Biodiversity and Conservation

, Volume 16, Issue 4, pp 1103–1118

Amphibian Diversity in East African Biodiversity Hotspots: Altitudinal and latitudinal Patterns

  • J. C. Poynton
  • S. P. Loader
  • E. Sherratt
  • B. T. Clarke
ORIGINAL PAPER

Abstract

The Eastern Arc mountain chain and adjoining coastal forests of Tanzania and Kenya have been listed as world biodiversity hotspots. We report on an ongoing attempt to estimate amphibian diversity on the three best studied mountains of the Eastern Arc, the East Usambara, Uluguru and Udzungwa mountains of Tanzania, complemented by an estimate of diversity on the adjoining coastal lowland. This proves to be a complex task, which introduces a note of caution into evaluating global biodiversity estimates. Most amphibian species in eastern Tanzania occur on the coastal lowlands and are widely distributed, extending at least north or south of Tanzania and, to a variable extent, westwards to the elevated interior. Diversity patterns along the length of the lowlands are complex, with the presence of a Sahelian element in the extreme north. On the three Eastern Arc mountains studied, species turnover associated with rising altitude is greater than turnover associated with latitudinal distance between the mountain blocks, leading to greater altitudinal than latitudinal diversity in this equatorial region. A long-standing divergence is indicated between montane and lowland endemics. Although forest-associated species are not the largest contributor to the eastern Tanzanian total species diversity (some 48%), the uniqueness of these species both in lowland and montane forests, combined with their evident vulnerability to disturbance, makes them a subject for particular conservation concern, and justifies hotspot status for both montane and lowland forests.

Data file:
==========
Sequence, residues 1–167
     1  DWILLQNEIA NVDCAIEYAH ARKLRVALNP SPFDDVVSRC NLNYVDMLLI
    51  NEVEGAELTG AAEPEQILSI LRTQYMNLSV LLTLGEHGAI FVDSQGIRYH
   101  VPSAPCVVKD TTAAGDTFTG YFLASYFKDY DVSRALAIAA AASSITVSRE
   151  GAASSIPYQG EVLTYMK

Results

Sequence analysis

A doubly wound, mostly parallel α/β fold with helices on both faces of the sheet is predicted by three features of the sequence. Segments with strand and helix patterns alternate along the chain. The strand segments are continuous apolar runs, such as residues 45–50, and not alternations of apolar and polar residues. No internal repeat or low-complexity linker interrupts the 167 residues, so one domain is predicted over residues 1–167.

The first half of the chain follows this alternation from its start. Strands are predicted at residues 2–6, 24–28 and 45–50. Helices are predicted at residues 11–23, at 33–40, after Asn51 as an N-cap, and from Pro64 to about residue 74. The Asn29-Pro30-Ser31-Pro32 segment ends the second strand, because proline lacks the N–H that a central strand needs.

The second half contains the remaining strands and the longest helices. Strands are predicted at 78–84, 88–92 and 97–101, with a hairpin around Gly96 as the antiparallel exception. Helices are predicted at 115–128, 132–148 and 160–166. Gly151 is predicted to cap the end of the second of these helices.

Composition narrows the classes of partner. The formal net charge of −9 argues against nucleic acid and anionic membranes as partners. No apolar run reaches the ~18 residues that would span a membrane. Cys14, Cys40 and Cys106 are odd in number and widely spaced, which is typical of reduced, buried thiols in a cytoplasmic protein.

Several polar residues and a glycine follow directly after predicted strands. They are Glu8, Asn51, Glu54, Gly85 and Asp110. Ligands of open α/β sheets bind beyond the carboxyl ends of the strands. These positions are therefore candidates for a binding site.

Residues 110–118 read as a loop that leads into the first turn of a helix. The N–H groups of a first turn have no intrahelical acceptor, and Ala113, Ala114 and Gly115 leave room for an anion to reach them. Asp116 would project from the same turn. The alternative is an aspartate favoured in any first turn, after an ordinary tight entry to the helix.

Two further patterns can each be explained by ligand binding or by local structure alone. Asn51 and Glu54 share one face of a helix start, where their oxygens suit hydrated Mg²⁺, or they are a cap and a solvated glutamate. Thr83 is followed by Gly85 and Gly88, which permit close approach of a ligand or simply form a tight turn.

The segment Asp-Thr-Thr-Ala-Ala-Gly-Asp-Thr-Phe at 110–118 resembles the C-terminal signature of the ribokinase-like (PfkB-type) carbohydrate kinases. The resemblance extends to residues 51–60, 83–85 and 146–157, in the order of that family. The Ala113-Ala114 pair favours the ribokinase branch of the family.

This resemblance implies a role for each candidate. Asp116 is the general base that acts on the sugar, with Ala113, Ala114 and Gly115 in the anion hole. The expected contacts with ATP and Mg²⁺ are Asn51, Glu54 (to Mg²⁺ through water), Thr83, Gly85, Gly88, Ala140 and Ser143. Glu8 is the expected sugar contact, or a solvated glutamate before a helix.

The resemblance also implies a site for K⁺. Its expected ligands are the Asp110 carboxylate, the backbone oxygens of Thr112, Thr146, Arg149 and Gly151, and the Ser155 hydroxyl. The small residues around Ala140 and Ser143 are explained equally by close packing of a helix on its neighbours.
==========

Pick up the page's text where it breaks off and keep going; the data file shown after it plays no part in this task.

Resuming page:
Keywords

Amphibia East Africa Eastern Arc mountains Tanzania Diversity Altitudinal and latitudinal species turnover Hotspot 

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Copyright information

© Springer Science+Business Media B.V. 2006

Authors and Affiliations

  • J. C. Poynton
    • 1
  • S. P. Loader
    • 1
  • E. Sherratt
    • 1
  • B. T. Clarke
    • 1
  1. 1.The Natural History MuseumLondonUK

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